Linda O’Connell of Onalaska recently completed a North Country Trail Hike 100 Challenge. She went on four separate hikes from June to October, passing through Pictured Rocks, the Chequamegon National Forest, Brule River State Park Forest and Douglas County Forest, to reach a total of 100 miles.
“I had some struggles along the way,” she writes on the YouTube description. “I fell at Cheq & had blisters at Superior but I managed to achieve the 100 miles.”
Ryan Tischer, whose work can be compared to noted photographers Jim Brandenburg and Craig Blacklock, will open a gallery at 5 W. Superior St. next month.
A new art gallery showcasing the natural beauty of the region has found a permanent home just off the busiest corner in Downtown Duluth.
Photographer Ryan Tischer and his wife Aimee secured a lease at 5 W. Superior St. and will open a gallery and workshop in the space Nov. 16. Tischer works full time as a photographer based in Duluth’s Smithville neighborhood. In the past 10 years he has built a portfolio centered on iconic Lake Superior landscapes.
The Gaming Goat in St. Paul is operated by Jeremy, who is one of the founding members of Nerd Nite Duluth. He still returns to Duluth for nearly every Nerd Nite to host, so in my mind, he’s still part of Duluth, and so his shop is worth a visit the next time you are in St. Paul.
One minute, there are no “ladybugs” in Duluth. Then one sneaks up and nibbles your arm. Suddenly Asian lady beetles are swarming everywhere. And then it’s over. The 2017 invasion happened on the afternoon of Oct. 8.
Asian lady beetles tend to cluster and swarm when daylight hours shorten and a sudden warm spell occurs. They eat aphids while conditions allow, then they quickly disappear.
The World Wrestling Federation — now known as World Wrestling Entertainment — brought three cards to the Duluth Arena in 1987. The third of them happened 30 years ago today — Oct. 8, 1987. In the video clip above, Randy “Macho Man” Savage declares his enthusiasm for his first trip to the Zenith City.
Announcer Gene Okerlund mentions Bam Bam Bigelow and Nikolai Volkoff in his opening remarks, but neither of them appeared at the show.
Thirty years ago I attended a World Wrestling Federation card at the Duluth Arena … because that’s something teenage boys did in 1987. I went with a group of friends that included Barrett Chase, who co-founded Perfect Duluth Day 16 years later. Seated directly behind us was a complete stranger. Eventually, the three of us ended up in business together … if you count goofing off on the internet as “business.” I certainly do.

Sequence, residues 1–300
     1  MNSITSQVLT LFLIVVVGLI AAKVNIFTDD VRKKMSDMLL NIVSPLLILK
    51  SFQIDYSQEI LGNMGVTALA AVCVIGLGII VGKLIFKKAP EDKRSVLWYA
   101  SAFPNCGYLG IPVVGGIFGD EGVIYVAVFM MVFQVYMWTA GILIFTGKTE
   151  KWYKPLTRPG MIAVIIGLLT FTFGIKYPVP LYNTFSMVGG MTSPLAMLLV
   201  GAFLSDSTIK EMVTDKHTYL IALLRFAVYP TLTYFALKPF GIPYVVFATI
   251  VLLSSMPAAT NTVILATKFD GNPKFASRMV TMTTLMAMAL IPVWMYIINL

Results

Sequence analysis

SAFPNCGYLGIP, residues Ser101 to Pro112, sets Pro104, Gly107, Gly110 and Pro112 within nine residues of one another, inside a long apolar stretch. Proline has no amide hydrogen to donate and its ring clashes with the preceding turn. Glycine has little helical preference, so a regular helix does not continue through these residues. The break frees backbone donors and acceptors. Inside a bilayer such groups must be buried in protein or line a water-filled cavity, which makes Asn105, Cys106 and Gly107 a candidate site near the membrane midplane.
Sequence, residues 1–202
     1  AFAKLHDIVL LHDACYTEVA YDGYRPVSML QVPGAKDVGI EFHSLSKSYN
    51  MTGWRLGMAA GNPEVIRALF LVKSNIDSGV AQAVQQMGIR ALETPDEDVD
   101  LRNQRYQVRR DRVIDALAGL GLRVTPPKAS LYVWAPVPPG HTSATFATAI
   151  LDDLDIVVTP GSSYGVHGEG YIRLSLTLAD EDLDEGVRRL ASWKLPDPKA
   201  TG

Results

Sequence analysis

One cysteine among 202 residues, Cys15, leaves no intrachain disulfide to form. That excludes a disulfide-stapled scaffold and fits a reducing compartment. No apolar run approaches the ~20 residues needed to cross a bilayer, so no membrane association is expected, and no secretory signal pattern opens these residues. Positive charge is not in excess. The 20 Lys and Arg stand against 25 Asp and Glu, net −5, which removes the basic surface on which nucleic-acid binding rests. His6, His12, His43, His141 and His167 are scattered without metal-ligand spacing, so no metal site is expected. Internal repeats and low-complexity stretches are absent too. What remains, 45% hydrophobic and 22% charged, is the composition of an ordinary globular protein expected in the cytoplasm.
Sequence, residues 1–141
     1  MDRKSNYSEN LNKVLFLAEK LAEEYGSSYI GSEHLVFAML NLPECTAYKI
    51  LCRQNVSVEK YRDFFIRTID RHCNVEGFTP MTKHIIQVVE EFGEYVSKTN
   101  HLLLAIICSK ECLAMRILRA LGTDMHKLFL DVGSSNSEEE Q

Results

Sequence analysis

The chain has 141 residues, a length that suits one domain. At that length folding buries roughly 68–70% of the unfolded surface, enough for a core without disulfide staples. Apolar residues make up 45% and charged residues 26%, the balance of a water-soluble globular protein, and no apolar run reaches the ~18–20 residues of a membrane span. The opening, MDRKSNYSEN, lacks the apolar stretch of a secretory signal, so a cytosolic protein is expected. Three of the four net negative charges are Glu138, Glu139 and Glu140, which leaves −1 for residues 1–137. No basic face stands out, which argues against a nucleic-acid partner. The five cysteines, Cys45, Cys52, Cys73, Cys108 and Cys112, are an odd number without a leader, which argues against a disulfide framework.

As far as wrestling cards go, this one was pretty mediocre. “Macho Man” Randy Savage was in the main event, which was enough to make it worth the twelve bucks or whatever it cost to get in. A number of other well-known wrestling names were on the bill — Honky Tonk Man, Killer Khan, Junkyard Dog, Sherri Martel, Koko B. Ware, Dan Spivey — but the Macho Man was unequivocally the legend in the room.
Years later, all memory of who won or lost those wrestling matches faded. Barrett and I would end up going to five WWF cards in Duluth during a one-year timeframe spanning May 1987 to May 1988. Those events became mostly mashed together in our brains, but we could somewhat distinguish them by remembering main event matches or which other friends came with us to the shows.
The Delta Diner, a one-of-a-kind eatery located 25 miles inland from Lake Superior in the midst of the Chequamegon-Nicolet National Forest, has captured the Perfect South Shore-area Restaurant title with 54 percent of the vote.
Since opening in 2003, the restored 1940’s diner has become a culinary destination. It’s not uncommon for people to drive for hours to eat there, traveling from as far as Madison, Milwaukee or the Twin Cities. And customers are willing to wait up to two hours for a meal during busy times.
With Delta Diner, owners Todd Bucher and his wife Nina have created a “vibe” that keeps people coming back. “Restaurants are a very personal thing,” he says. “What wins people over besides our food is the authentic diner experience.”
Kathy McTavish is a multimedia artist who has been blending technology with art through performance, installations, sound, projections, musical instruments and coding and data input. She has several shows opening this fall. She talks about those shows and the work.
K.M.: I am a trans / media installation artist ::: a cross-sensory composer. Most of my current work is generative / algorithmic ::: multi-threaded code orchestrations. I’m a time-based artist that works with physical spaces.
chance screen recording ::: all sketches ::: 2017.06.05
The number of broadcast television stations in Duluth has reached 14. Keeping track of them started getting confusing in 2016, when reorganizing at KBJR/KDLH led to “CBS 3” broadcasting on channel 6.2. In an effort to prevent the whole thing from turning into an Abbott & Costello routine, Perfect Duluth Day periodically provides an updated list of channels.
There have been two changes since the 2016 KDLH/KBJR shuffling. In early 2017 WDSE-TV dropped its “2nd Chance” programming on channel 8.2 and adopted a new broadcasting stream, PBS Explore, which is focused heavily on programs for children. On Sept. 27, WDIO-TV added subchannel 10.3, broadcasting the Ion television network. An updated list is below.